Smallprint: Your New Favourite Bookshop

If you love beautiful children’s books you need to head to Smallprint, sharpish. We caught up with founder and mum of two, Jenny Thomas, to talk books, business and taking on Amazon.

Smallprint was one of our favourite discoveries at Mr Fox HQ last year. The beautifully-curated collection of unique and unusual children’s books makes great gifting easy and is full of lesser known, independent titles that make inspiring new additions to your own kids’ collections too. And there isn’t a book in the store that you wouldn’t leave on the coffee table either. We chatted to founder Jenny Thomas and bagged Mr Fox readers an exclusive discount while we were at it… 

Tell us a little about Smallprint and why you founded it.

When looking at our daughter’s bookshelf we realised that they all felt like they would be here today and gone tomorrow, very few felt like new classics to be treasured and handed down.

At the same time our son was born and our daughter craved more attention, we found story time was the only one-on-one time each day and we were rushing through it regurgitating the same stories over and over, which wasn’t enjoyable for anyone. Cue a need to introduce some new books that would help her navigate a difficult time of the day by directing her thoughts into a book and allow us to feel that we were sharing something special together.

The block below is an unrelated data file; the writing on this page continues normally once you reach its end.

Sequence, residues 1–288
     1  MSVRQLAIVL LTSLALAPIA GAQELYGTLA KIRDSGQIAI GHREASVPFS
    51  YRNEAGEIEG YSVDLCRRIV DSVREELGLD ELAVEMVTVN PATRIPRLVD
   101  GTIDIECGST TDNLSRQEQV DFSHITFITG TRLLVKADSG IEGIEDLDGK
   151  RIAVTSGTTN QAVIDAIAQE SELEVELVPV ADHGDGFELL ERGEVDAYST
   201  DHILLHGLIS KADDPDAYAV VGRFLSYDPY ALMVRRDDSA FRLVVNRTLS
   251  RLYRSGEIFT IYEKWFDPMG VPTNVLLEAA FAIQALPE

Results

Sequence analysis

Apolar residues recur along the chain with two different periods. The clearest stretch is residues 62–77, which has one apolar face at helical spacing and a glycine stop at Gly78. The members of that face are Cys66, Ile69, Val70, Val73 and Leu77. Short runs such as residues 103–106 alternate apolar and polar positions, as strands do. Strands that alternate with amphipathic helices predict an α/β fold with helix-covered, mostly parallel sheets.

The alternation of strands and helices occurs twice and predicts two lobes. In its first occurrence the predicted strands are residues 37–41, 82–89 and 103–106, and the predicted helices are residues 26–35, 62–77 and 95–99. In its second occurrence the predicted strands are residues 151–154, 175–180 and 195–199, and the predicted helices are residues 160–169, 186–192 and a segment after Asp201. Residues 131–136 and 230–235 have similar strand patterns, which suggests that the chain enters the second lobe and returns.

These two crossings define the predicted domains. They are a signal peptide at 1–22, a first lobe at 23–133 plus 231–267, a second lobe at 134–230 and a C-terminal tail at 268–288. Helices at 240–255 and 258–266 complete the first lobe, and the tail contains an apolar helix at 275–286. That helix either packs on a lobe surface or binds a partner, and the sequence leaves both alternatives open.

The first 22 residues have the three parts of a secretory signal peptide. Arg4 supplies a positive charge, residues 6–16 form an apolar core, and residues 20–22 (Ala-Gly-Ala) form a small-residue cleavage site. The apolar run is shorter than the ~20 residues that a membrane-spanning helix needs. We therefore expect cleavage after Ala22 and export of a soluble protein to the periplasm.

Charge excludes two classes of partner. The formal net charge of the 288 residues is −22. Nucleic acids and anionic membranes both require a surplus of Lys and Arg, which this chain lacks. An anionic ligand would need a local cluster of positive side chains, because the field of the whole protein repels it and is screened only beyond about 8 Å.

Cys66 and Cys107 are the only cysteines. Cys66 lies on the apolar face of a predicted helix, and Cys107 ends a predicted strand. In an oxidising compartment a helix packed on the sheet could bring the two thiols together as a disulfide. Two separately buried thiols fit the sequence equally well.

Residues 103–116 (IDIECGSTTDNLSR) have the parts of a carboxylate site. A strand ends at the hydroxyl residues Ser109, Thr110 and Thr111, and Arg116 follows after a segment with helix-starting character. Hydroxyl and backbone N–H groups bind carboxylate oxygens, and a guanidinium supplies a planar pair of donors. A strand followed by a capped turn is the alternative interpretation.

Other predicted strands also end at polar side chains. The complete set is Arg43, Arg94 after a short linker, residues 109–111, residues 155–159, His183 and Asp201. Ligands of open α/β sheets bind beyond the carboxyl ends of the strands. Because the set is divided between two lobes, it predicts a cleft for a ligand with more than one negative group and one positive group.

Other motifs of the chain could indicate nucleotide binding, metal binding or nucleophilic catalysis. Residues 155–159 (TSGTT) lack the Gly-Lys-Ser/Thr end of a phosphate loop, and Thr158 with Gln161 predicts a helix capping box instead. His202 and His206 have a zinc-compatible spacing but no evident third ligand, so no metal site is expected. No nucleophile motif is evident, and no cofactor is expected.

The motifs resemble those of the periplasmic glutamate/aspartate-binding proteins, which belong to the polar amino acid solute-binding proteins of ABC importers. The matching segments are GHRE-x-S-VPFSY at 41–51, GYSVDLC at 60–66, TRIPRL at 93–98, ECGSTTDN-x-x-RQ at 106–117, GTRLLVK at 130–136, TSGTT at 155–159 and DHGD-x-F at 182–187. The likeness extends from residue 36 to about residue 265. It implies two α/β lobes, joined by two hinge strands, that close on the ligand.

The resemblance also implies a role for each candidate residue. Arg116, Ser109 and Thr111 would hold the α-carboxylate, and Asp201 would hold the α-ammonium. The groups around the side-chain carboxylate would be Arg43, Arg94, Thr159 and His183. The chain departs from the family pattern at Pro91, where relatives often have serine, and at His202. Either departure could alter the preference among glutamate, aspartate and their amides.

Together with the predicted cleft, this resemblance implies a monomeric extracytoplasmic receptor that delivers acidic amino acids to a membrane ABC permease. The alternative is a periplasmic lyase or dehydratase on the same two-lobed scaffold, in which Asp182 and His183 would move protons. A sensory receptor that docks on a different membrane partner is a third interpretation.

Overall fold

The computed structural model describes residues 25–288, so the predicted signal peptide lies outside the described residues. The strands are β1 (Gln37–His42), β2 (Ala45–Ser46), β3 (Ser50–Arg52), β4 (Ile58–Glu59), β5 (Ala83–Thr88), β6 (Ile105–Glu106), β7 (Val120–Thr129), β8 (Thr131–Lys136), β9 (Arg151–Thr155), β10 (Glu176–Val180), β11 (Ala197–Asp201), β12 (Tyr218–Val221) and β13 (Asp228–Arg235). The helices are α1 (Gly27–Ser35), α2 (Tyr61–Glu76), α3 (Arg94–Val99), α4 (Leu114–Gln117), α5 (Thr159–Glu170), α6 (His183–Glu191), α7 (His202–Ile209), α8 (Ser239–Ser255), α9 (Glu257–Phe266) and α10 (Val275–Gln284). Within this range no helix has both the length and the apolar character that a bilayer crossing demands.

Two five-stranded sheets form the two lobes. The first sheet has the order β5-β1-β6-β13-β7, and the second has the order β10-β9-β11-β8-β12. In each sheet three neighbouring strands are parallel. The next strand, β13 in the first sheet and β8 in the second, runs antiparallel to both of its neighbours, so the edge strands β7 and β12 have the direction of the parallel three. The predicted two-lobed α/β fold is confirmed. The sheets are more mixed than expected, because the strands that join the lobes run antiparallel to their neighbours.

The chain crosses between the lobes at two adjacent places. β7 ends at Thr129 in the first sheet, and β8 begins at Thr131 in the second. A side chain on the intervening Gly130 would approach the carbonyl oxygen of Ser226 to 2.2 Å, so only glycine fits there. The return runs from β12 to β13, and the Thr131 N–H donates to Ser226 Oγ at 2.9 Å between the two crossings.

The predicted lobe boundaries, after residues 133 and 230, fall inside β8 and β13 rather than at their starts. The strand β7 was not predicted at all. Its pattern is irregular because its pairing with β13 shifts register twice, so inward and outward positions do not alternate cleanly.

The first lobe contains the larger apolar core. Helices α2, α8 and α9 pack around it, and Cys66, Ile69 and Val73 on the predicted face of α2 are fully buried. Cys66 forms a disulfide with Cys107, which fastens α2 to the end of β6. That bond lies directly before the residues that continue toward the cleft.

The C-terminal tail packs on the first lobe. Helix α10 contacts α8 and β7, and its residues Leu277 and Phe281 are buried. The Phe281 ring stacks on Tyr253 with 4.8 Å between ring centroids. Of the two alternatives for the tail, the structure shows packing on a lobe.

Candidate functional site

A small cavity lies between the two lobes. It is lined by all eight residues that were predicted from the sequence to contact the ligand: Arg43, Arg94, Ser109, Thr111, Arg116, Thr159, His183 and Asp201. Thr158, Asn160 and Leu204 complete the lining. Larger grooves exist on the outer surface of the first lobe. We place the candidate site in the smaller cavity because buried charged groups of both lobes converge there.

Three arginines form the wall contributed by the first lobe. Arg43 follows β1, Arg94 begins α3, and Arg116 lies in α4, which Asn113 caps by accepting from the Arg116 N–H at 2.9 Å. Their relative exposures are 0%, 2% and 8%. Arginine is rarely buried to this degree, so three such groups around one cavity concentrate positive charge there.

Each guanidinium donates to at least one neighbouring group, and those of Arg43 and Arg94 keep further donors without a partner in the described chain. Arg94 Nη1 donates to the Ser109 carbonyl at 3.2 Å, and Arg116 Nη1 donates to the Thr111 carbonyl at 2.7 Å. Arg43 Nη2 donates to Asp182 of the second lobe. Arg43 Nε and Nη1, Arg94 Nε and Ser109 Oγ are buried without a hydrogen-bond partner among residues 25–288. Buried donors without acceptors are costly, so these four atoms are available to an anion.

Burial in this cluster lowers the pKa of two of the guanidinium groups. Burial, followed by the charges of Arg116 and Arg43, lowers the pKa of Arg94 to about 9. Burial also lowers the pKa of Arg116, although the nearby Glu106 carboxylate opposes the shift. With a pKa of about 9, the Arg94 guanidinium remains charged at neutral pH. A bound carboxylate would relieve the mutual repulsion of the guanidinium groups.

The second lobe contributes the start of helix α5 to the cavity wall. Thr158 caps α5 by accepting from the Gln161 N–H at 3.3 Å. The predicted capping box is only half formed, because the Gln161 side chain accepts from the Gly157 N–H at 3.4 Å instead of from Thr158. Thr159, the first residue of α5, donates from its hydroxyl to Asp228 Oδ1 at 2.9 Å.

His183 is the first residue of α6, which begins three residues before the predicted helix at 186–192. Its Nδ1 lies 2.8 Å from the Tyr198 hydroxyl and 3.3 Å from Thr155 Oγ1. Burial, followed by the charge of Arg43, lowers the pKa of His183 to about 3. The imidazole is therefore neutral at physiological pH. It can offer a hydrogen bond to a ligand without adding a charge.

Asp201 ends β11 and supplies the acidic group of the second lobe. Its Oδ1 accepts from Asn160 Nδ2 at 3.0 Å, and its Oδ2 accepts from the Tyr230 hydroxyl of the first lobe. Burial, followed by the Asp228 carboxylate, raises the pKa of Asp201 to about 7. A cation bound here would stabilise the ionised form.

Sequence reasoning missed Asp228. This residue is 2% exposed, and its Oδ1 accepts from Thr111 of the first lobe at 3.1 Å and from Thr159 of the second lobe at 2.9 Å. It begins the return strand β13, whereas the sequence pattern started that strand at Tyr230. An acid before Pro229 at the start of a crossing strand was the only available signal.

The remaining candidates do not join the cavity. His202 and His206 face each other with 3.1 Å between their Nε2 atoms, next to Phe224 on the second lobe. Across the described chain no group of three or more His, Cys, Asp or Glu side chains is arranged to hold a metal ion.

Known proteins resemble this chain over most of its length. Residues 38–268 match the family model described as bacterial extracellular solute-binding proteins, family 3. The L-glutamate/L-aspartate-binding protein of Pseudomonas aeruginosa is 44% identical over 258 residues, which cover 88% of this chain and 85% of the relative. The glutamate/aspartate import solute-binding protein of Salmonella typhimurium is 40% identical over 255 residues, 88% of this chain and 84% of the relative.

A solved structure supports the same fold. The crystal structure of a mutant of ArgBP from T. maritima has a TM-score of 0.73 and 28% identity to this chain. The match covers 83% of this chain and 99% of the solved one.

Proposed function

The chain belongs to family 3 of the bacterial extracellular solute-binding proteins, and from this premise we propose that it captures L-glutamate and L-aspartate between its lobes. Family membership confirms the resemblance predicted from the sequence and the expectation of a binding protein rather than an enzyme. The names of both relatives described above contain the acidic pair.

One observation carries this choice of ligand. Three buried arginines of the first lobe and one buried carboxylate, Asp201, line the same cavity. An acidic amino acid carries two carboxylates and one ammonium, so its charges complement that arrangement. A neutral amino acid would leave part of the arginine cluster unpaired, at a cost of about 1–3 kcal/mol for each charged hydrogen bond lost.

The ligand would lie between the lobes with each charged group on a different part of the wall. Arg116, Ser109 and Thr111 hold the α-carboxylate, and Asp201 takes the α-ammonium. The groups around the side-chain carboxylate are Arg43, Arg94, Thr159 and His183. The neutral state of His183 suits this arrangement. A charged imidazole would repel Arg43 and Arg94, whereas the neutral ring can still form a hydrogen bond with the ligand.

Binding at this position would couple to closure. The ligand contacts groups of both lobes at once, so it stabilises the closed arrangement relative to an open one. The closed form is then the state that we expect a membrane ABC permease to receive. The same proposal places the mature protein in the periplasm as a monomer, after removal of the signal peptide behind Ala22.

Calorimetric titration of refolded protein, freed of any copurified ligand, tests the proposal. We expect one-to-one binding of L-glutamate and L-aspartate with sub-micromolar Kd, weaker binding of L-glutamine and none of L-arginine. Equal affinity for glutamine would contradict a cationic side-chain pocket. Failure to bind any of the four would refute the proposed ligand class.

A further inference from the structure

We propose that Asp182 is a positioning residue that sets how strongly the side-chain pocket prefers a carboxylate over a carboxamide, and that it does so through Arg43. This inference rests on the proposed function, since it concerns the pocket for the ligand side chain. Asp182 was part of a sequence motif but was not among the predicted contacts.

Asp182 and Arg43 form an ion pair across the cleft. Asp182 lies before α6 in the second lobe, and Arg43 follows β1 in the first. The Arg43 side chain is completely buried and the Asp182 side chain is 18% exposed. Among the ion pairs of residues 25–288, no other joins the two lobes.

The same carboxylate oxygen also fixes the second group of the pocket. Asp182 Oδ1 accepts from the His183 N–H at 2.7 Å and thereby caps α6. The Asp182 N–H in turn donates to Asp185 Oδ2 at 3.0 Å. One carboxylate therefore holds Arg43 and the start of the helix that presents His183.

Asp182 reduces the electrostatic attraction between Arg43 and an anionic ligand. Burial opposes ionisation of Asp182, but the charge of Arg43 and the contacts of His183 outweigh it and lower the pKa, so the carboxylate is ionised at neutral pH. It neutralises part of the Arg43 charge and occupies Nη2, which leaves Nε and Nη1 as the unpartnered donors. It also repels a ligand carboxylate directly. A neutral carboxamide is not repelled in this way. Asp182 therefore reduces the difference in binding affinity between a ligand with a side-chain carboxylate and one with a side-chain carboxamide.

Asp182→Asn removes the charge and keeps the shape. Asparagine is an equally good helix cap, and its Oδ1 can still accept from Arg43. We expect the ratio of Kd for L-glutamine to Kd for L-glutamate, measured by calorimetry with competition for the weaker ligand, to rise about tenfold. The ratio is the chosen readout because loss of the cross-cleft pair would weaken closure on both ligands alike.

We wanted to curate a collection of books for children from 0-8 that would sit proudly on the coffee table, that are visually arresting, stimulating and supportive to a child’s development. The idea is that you won’t have seen them all before and that they will stretch your imagination and encourage chit-chat between readers. Read them, keep them and then pass them on.

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There are so many children’s books being released – what do you look for in the titles you curate for Smallprint?

When we started our main criteria was  ‘do we want to look at this book as parents and do we like the look of it as an object in our home’. It sounds shallow but there is such a trend for children’s toys and interiors that compliment your own styles and aesthetics, so why not feel the same way about books?

When we see a new book now we always think about the children we know and question who would like it and why. We look for amazing illustration and graphics as well as novel ideas such as wordless books, spot the difference and interactive elements that will encourage two-way discussions and bright and bold concepts that make learning fun. We are bored of seeing A is for ‘Apple’ – why can’t A be for ‘Awesome’ as it is in Paul Thurlby’s Alphabet?  We also try not to encourage any gender divide so avoid overly feminine princess books or masculine diggers or pirates. And we almost exclusively go for hardback, because we urge our customers to keep these books forever or hand them on!

You did a lot of Christmas shopping fairs – what feedback do you get talking to parents about finding books for their kids?